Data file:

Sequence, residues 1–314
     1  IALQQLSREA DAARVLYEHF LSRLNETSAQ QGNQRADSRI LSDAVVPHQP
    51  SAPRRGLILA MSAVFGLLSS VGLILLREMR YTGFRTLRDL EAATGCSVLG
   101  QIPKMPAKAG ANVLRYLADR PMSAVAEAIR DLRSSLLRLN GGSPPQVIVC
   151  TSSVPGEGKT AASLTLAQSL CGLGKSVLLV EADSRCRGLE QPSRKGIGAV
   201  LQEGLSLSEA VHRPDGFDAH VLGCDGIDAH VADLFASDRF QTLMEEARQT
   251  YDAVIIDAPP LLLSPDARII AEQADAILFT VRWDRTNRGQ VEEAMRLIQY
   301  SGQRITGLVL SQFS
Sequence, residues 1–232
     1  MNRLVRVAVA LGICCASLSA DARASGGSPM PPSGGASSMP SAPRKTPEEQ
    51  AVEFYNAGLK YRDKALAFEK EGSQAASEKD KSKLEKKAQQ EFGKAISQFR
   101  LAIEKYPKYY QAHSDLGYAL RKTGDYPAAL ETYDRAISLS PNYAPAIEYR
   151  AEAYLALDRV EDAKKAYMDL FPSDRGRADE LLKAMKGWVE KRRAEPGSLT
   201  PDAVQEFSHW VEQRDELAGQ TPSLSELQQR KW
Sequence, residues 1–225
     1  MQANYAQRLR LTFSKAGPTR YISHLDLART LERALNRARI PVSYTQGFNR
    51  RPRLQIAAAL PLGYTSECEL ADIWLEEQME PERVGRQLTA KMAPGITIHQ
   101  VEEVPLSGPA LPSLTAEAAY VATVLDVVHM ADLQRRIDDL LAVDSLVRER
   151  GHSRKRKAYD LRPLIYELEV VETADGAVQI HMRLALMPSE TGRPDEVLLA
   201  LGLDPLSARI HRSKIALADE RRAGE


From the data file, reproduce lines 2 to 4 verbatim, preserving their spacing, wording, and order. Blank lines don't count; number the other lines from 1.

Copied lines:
     1  IALQQLSREA DAARVLYEHF LSRLNETSAQ QGNQRADSRI LSDAVVPHQP
    51  SAPRRGLILA MSAVFGLLSS VGLILLREMR YTGFRTLRDL EAATGCSVLG
   101  QIPKMPAKAG ANVLRYLADR PMSAVAEAIR DLRSSLLRLN GGSPPQVIVC